Abstract 592: Atherosclerotic Plaques in the Mouse Aortic Arch as Detected by Lipid-based MR Contrast Agents
Introduction: Atherosclerosis is the main cause of morbidity and mortality in Western societies. It is challenging to determine plaque burden in moving areas like the aortic arch. We quantified atherosclerotic plaques and determined the optimum time curve for in vivo visualization of plaques in the aortic arch of ApoE−/− mice, using lipid-based MR CA compared to a conventional Gd-containing CA using retrospectively gated cine MRI.
Methods: Dotarem®, gadolinium (Gd)-containing NIR664-conjugated micelles and liposomes were applied in 3 groups (n=5) of 10 to 14 months old male ApoE−/− mice. Mice were imaged using a vertical Bruker MRI system (9.4T). The aortic arch was imaged before and after 6 –12 hour intervals for up to 6 days following intravenous injection of Dotarem, micelles or liposomes, using equivalent doses of Gd (50 μmol/kg). Confocal microscopy and immunohistochemistry correlated CA with atherosclerotic plaques.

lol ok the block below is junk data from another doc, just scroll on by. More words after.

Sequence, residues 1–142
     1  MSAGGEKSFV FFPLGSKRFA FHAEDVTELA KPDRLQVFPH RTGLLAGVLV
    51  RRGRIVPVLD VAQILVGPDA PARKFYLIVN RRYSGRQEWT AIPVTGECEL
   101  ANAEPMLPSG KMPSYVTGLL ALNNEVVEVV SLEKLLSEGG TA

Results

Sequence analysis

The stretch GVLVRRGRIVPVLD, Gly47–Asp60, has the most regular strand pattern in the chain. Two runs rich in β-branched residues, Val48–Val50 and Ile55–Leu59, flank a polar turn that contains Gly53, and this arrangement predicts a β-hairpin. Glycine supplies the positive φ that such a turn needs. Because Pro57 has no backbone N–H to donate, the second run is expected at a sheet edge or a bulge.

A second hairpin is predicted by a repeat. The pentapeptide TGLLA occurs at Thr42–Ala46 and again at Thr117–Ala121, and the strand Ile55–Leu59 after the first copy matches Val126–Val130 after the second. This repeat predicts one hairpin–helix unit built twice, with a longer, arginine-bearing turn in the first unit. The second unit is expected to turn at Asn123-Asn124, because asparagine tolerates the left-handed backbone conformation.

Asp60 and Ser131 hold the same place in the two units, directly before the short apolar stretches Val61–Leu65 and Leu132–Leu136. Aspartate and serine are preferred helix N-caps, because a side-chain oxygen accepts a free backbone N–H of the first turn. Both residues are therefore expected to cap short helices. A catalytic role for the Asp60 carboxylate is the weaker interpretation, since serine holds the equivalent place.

Results: Heterogeneous contrast enhancement (CE) in the aortic wall was observed within 6 hrs after Dotarem injection. Both micelle- and liposome-injected mice, on the other hand, showed a bi-phasic CE, with a first peak in contrast-to-noise-ratio (CNR) about 12 hours. A 2nd wave was observed with peak CNR (60 –72 hrs). Plasma relaxivity demonstrated was inversely related to aortic CE, suggestive for organ retention of micelles and liposomes, and release ~1.5 days post injection. The lipid-based CAs were found both extra- and intracellular in the plaques. MR signal intensity in the 2nd CE wave after injection was predictive for plaque volume, although not with Dotarem. Organ retention (liver and spleen) is determined to study the biodistribution of Gd to explain the 2nd wave.
Conclusions: Lipid-based CA have a complex biodistribution involving multiple organ systems. Passive uptake of CA shows retention in several plaque components. The optimal imaging window varies between animal models and contrast agents. As the standardly used 24h interval was not nearly optimal we propose to optimize the time course of experiments separately when using new models and CA.
Acknowledgement: supported by the Netherlands Heart Foundation (NHS2006-T106) and DiMi (LSHB-CT-2005–512146).